Learning How to Tap Sugar Maple Trees

We have some incredible trees in our watershed. . . including sugar maples! TTF’s Steph Clymer and Earth Force’s Dan Brown joined students and teachers from Bridesburg, Feltonville, Lawncrest, and Roosevelt Recreation Centers for a maple sugaring event at Fox Chase Farm. The event included fun activities and informative demonstrations. Students made leaf rubbings, listened to some great storytelling, sampled delicious maple sugar candy, and helped tap sugar maple trees.

Maple sugaring has been happening at Fox Chase Farm for over 20 years. Sugar maple trees are tapped and the sap is boiled into maple syrup and candy. Each tap (there up to four per tree) yields an average of 10 gallons of sap per season, which in turn yields about one quart of maple syrup. Learn more about the maple sugaring process and see pictures here.

Maple Sugaring - Sap collection

This metal bucket collects sap as it drips from the hole drilled in the trunk of the tree. Each tap yields an average of 10 gallons of sap per season. Warm sunny days (above 40 degrees F) and frosty nights are ideal for sap flow.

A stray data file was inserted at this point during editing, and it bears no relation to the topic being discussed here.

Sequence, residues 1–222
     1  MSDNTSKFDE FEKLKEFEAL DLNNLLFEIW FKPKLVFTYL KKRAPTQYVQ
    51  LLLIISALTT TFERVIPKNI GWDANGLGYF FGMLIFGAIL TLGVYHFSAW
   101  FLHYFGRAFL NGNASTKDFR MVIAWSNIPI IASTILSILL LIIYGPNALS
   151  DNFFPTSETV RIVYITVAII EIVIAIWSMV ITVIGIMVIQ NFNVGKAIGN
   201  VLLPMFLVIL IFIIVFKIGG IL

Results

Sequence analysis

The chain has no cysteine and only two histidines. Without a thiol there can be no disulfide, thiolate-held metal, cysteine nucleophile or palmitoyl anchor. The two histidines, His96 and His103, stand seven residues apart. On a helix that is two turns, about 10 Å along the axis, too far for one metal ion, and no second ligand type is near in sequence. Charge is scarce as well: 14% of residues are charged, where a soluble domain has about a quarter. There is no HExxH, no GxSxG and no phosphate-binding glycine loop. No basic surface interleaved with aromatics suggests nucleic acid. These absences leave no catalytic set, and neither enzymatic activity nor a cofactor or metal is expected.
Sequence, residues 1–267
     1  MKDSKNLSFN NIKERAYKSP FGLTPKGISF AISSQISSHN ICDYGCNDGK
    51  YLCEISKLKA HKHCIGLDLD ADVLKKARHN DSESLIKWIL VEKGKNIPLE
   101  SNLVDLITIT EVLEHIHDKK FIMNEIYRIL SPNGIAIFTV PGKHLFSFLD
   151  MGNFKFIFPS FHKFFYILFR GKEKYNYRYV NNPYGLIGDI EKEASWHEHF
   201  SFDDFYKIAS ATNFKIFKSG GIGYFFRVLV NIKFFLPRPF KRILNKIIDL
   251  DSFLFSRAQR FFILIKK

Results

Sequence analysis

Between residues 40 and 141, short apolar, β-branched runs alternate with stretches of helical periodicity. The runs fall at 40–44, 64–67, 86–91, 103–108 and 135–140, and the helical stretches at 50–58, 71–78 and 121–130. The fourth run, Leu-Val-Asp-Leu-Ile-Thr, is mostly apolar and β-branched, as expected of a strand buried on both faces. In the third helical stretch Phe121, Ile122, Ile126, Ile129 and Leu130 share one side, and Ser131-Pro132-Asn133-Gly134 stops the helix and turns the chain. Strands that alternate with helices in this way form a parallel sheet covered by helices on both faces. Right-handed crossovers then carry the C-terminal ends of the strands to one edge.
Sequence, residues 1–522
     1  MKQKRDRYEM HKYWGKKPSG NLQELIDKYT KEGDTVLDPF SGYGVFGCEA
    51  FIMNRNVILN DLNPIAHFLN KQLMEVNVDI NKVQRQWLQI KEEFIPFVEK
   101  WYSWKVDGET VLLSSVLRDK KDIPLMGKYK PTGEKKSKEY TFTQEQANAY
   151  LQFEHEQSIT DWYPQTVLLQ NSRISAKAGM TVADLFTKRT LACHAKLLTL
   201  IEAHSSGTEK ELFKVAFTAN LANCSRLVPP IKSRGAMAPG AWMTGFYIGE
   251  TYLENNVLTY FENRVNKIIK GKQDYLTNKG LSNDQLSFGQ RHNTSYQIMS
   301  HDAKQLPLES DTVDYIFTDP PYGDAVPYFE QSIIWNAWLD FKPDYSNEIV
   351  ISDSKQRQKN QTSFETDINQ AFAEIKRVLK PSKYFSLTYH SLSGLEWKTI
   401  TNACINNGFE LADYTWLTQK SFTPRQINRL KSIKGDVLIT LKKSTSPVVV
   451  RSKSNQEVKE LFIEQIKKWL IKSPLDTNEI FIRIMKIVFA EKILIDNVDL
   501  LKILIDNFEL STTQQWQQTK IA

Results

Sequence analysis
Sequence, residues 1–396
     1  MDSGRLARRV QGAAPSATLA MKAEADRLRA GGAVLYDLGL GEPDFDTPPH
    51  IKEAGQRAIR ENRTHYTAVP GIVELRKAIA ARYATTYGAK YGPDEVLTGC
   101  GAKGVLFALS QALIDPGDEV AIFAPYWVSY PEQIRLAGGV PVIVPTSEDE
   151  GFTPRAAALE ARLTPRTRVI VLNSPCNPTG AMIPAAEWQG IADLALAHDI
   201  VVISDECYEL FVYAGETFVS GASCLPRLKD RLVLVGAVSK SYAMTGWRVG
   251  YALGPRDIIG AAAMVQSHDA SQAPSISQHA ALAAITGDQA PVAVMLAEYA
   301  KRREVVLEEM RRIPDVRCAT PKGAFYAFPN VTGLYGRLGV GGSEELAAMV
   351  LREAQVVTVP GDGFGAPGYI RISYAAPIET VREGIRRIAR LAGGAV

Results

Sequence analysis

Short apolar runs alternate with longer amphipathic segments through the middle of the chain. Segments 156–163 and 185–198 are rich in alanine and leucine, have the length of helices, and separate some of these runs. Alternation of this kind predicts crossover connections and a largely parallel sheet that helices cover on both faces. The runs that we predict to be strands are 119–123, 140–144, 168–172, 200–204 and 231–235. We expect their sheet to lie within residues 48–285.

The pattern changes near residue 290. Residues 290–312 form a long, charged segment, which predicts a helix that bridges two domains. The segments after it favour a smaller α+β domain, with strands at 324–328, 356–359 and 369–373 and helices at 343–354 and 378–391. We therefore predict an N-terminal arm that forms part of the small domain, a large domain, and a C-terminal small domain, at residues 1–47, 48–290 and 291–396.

About Julie

Julie Slavet is TTF's Executive Director. She has over 20 years of experience in community affairs, program development, and personnel management. Julie earned a B.A. in Environmental Studies from Smith College and an M.S. in Public Affairs from the University of Massachusetts. Julie has served as an Advisor to the Jenkintown Community Alliance and a Director of the Montgomery County Democratic Women’s Leadership Initiative. Contact Julie at 215.844.8100 or julie@ttfwatershed.org.

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